The reaction I had upon being given this project was excitement. I love to read books, short stories and other forms of literature, and to be given a chance to illustrate written work was really flattering. The only real challenge at first was the time frame, but everything fell into place perfectly, and I had a wonderful time working with CNF.
What are the unique challenges of working with charcoal? What are the benefits?
Charcoal has great challenges, like all mediums, but what is so romantic about it to me is the permanent impressions it leaves on the paper. Mistakes are recorded in ghost-like markings all over the paper, giving the viewer a look at the artist’s hand. The medium is also black and white, so the challenge for me is to work without color while still giving a vivid image. I benefit fully from working with charcoal because I enter into a relationship with my medium; I am always learning and improving from my work so I can allow each piece to stand on its own.
Your work involves a lot of contrast: black charcoal versus white paper, detailed subject versus empty background, the hyper-reality of your usual work versus the more abstract nature of these illustrations. What aesthetic value do you personally derive from this approach?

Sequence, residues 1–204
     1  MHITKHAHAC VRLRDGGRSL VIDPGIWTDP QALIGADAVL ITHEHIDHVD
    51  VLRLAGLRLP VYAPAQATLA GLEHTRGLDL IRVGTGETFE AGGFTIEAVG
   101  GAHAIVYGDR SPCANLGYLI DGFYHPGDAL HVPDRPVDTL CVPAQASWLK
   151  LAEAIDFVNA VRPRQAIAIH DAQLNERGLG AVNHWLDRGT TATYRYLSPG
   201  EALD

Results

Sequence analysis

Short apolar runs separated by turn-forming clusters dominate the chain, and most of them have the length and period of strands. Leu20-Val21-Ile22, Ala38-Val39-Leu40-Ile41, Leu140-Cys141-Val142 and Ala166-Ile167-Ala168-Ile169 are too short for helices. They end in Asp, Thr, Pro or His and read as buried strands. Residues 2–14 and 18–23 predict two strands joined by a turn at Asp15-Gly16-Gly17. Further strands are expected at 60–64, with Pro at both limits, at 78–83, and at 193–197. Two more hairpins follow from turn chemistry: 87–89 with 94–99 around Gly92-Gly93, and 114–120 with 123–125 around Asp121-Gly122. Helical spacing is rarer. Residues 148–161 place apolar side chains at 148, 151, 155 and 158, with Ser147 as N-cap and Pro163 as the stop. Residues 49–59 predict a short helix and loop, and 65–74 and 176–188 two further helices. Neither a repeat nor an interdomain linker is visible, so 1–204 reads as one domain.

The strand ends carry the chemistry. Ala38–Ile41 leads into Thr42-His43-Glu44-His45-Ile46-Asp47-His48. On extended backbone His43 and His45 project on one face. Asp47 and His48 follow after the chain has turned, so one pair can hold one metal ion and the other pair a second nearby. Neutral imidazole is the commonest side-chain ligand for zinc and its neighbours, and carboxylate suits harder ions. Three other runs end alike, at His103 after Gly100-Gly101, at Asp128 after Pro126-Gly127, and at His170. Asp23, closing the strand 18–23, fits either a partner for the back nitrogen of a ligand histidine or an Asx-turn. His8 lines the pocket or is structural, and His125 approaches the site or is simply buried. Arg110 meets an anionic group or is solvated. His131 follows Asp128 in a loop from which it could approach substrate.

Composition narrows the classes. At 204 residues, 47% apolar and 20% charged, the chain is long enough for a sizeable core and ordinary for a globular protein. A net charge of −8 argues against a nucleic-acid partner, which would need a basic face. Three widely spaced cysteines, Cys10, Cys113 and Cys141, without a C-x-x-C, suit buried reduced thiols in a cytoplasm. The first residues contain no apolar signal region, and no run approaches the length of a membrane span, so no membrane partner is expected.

There was a painterly aspect to creating these CNF illustrations, which I enjoyed. This loose approach to the drawings came from my practice of painting, which is more expressive aesthetically than charcoal. I thought this approach worked especially well in creating portraits that offer a visual element for each story. I felt that keeping these illustrations vague and sketchy would leave room for mystery, taking the viewer more deeply into the personal tales of each author. The process let me practice quick and responsive strokes that reflected what I felt during my reading of each essay. The tales of human error were something I related to and what I feel anyone could relate to.
Of your own work, what is your favorite piece and why?